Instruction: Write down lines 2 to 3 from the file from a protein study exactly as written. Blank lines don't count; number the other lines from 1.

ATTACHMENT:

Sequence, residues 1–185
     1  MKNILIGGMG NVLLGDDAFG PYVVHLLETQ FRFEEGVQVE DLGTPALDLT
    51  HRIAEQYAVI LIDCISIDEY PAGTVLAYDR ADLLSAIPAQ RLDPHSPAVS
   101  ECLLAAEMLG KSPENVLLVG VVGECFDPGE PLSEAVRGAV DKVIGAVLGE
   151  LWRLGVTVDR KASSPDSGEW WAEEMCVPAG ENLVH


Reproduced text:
     1  MKNILIGGMG NVLLGDDAFG PYVVHLLETQ FRFEEGVQVE DLGTPALDLT
    51  HRIAEQYAVI LIDCISIDEY PAGTVLAYDR ADLLSAIPAQ RLDPHSPAVS